We use a combination of methods.
Like Safado we use AD Group Policy to map drives though we typically use this just for specific application storage. If a user is a member of a specific security group in AD the Group Policy applies and a drive is mapped. Security filtering is used to ensure that the specific Group Policy only applies to members of a certain security group even though the Group Policy itself is linked at the domain level. This is how we get around constraints of the the OU structure not necessarily matching up with who needs the mapped drive. Of course a corresponding Discretionary Access Control List (DACL) is used on the share itself to ensure that only members of the group have access permissions.
A single share is created on DCs and read only access to the share is given to all Authenticated Users. Inside of the share a folder is created with the same name as each person's username and the user's account is the only one given access (read, write, execute) to the folder. Access Based Enumeration is turned on for the share and as such other users cannot see the folders of other users regardless of being allowed read access to the main shared folder. The user profile section in AD contains settings to allow a single mapped drive and we use this for user files only. The %username% macro can be used in these boxes and as the macro implies it is replaced with the actual username at login, resulting in a mapped drive with contents specific to that user.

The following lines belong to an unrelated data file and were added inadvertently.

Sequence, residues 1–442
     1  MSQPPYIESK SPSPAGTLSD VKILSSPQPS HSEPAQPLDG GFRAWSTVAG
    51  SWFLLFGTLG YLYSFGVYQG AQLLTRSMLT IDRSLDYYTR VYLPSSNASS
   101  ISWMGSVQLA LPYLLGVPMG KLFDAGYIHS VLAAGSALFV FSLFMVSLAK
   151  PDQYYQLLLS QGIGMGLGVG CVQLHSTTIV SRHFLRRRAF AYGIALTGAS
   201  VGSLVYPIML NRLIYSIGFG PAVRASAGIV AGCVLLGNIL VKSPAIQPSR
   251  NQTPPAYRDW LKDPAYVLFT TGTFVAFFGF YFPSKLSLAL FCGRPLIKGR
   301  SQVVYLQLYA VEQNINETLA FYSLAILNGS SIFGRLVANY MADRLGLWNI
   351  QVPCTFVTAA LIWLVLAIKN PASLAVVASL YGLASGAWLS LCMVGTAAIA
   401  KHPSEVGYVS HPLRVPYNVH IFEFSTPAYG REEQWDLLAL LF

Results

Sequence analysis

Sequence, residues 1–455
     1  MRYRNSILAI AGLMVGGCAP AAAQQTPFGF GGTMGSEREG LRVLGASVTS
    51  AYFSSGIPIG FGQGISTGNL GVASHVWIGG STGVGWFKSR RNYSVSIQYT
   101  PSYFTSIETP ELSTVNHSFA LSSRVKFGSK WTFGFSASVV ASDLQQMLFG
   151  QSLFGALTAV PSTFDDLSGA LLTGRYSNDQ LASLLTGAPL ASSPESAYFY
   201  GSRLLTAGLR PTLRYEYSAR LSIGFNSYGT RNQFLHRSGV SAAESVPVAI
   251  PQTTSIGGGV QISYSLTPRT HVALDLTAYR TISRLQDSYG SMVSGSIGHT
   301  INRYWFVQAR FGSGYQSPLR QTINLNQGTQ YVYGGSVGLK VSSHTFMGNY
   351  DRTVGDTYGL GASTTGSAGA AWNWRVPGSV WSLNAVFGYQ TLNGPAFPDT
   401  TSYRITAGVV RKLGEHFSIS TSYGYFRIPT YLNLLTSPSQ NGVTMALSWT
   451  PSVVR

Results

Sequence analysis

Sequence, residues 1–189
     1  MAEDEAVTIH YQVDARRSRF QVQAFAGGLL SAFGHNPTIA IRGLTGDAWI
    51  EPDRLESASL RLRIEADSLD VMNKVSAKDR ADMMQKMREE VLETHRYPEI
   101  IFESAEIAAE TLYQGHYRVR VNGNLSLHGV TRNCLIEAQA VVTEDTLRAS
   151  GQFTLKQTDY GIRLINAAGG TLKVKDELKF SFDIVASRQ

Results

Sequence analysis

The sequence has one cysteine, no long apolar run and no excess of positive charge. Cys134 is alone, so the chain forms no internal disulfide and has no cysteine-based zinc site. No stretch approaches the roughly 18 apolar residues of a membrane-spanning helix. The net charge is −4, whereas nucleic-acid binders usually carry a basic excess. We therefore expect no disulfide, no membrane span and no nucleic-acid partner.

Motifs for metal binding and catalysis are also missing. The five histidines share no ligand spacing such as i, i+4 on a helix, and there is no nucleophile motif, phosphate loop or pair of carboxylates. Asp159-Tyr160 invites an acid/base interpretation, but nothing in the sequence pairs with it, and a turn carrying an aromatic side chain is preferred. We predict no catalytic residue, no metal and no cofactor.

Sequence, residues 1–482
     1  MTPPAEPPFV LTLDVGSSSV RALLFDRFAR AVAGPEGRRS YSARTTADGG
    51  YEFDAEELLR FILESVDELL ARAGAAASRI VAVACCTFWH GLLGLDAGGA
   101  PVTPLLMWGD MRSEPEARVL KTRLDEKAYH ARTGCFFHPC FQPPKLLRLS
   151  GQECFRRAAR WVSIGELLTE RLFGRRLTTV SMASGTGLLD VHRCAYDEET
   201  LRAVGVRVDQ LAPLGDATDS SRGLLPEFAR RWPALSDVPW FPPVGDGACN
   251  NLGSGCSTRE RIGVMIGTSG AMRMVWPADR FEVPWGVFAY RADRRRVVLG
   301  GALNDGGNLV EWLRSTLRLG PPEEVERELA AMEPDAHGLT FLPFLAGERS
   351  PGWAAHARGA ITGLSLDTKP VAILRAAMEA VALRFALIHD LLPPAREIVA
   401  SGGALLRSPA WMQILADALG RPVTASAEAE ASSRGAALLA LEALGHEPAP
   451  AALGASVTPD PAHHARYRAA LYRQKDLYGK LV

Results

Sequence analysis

In the event that the mapped drives need to be a bit more fault tolerant and handle the loss or disconnect of one (or more) DCs you can use DFSR (Distributed File System Replication). For example a DFS Namespace could be created on three DCs and the DFS Namespace UNC path could be used in the Group Policy or AD user profile. This would result in a setup where files are accessible even if a DC goes down and furthermore would allow for the system to act like a CDN if you have DCs in other geographical locations that is a member of the DFS Namespace.
Like Safado said the shares will show up with a red X if they cannot connect just double-clicking on the share once the server is online will allow access.
Note: I couldn't post a link to the MS page for DFSR due to reputation being below 10 :-(
Edit: Linking a ton of GPO objects to the top of the domain level is not exactly a great idea. A well thought out OU structure may allow you to link the drive mapping GPO object to an OU which contains only the users which need to mount the share. In such case there is no need to use the nuance of security filtering as the inheritance structure of your OUs already handles this. Of course this isn't always the case...for example when dealing with a client's AD domain that has been poorly managed :P.